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Thursday, 13 February 2020

Is the Meat of the Future Grown in a Lab? This Startup Thinks So.

Is the Meat of the Future Grown in a Lab? This Startup Thinks So.

The Fate of Food by Amanda Little is one of the most eye-opening books we've read in years. An award-winning journalist and professor at Vanderbilt University, Little spent three years traveling across the United States—and all over the world—chasing after one question: How are we going to feed a growing population amid an also-growing climate crisis? Her research led her everywhere from GMO corn farms in Kenya to a monsoon cloud above Mumbai. In the excerpt below, she visits Memphis Meats, a Berkeley-based startup that just received $161 million in new funding, has been invested in by the likes of Bill Gates and Richard Branson, and is now planning its first pilot production facility. Unlike other meatless-meat competitors (think Beyond Meat and Impossible), Memphis Meats is actually meat. You just don't need to slaughter any animals in the process.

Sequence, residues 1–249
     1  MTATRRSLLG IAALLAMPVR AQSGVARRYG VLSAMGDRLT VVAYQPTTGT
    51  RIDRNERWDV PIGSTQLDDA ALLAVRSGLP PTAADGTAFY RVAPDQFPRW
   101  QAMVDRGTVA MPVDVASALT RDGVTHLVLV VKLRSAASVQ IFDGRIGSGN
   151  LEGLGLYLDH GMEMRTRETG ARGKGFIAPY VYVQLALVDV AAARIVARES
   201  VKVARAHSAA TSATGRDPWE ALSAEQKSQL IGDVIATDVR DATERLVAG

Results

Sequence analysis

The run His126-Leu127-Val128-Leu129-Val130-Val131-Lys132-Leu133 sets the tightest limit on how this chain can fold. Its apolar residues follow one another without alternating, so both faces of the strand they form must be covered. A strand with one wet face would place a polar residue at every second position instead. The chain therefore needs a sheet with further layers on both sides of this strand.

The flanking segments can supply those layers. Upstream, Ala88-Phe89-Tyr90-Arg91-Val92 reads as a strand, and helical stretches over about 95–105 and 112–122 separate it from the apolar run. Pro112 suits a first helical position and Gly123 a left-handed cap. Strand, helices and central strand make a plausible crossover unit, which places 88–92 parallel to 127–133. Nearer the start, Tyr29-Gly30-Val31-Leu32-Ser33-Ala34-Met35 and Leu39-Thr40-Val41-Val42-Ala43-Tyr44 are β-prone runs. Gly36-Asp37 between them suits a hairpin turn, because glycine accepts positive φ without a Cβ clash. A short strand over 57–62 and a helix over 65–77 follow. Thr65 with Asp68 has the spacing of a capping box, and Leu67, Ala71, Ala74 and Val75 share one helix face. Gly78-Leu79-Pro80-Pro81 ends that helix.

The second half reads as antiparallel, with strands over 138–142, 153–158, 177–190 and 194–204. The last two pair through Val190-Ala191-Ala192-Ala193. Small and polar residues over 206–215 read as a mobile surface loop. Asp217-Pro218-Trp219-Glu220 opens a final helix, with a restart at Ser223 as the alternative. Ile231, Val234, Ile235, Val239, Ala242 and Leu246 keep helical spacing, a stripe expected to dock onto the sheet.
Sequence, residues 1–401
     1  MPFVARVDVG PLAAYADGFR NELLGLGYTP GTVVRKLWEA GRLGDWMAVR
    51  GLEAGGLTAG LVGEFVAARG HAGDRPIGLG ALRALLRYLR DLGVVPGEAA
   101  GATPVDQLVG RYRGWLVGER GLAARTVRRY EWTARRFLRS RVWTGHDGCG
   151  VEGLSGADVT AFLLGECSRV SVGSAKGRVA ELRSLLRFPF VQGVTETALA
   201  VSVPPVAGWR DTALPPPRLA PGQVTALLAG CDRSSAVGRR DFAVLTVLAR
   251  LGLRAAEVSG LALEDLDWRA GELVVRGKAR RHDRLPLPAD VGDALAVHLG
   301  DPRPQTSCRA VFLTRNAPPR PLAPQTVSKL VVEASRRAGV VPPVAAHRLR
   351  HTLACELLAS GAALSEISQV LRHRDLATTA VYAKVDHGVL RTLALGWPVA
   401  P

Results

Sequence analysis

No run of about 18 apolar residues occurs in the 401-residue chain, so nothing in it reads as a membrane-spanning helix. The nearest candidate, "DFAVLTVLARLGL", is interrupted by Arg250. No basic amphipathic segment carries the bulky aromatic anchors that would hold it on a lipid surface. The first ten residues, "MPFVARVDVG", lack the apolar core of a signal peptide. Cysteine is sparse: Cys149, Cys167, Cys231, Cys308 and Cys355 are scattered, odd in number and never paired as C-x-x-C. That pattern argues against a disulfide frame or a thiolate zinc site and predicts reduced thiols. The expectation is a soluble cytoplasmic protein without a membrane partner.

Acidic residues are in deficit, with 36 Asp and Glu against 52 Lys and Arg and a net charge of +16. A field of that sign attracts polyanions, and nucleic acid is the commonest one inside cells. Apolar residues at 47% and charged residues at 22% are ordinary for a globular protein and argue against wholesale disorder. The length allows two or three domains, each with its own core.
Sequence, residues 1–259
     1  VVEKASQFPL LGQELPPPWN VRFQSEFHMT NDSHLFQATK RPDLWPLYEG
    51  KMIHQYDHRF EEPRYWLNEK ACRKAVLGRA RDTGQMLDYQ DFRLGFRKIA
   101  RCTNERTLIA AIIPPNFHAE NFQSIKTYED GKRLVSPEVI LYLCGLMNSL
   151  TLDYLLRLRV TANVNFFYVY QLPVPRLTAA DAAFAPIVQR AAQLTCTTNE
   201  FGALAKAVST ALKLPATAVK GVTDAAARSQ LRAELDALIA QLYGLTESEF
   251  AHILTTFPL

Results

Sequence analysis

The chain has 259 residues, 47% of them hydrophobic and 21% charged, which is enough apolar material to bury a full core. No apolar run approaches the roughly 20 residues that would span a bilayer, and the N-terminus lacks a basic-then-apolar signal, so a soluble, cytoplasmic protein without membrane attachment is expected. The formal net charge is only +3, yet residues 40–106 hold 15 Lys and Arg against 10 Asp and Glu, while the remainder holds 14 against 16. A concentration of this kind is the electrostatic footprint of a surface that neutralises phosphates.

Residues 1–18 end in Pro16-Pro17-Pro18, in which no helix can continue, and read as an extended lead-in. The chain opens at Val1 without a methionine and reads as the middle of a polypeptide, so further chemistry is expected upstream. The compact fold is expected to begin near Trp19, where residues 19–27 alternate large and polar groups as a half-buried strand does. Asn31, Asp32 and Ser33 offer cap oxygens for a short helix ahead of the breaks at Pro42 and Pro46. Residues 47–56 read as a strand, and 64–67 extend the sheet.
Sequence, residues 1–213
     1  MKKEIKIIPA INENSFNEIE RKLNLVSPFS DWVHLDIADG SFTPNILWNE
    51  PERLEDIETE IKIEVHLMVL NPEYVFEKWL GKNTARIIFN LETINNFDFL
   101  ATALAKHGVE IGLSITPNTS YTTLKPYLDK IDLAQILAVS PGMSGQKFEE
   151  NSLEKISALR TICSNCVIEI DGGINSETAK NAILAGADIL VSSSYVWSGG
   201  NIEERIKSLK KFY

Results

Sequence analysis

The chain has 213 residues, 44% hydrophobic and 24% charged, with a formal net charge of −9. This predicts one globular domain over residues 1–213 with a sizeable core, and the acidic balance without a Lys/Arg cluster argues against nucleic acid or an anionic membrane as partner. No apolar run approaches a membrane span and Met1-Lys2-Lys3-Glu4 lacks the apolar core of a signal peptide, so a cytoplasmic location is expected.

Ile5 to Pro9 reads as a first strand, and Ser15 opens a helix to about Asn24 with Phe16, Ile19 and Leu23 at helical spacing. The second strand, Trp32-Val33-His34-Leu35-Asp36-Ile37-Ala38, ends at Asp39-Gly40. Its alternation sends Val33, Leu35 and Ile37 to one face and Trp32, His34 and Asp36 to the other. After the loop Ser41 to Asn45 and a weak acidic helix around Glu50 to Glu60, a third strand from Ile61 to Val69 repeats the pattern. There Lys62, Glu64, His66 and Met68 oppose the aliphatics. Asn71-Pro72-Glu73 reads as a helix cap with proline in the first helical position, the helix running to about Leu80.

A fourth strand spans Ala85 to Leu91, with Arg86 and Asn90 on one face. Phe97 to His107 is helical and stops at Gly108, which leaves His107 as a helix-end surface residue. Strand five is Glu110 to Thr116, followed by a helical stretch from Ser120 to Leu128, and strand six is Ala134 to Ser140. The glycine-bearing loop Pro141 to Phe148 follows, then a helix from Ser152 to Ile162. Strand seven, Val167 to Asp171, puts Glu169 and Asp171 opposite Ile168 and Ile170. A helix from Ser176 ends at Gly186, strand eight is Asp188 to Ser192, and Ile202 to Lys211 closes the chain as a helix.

Cofounded in 2015 by Uma Valeti, an Indian-born cardiologist, and Nicholas Genovese, a stem cell biologist, Memphis Meats is the world’s first start-up to grow meat in a laboratory using tiny samples of muscle, fat, and connective tissues taken from living animals. “We are a meat, poultry, and seafood company that makes end products no different than conventional meat, while eliminating the need for animal slaughter,” Valeti tells me in a phone call before my visit. He adds that the cells that are grown, or “cultured,” in his laboratories are “alive,” even though they’re not attached to the animal. They’re so alive, in fact, that the mature muscle tissue he produces actually responds—as in flexes, or spasms—when stimulated.


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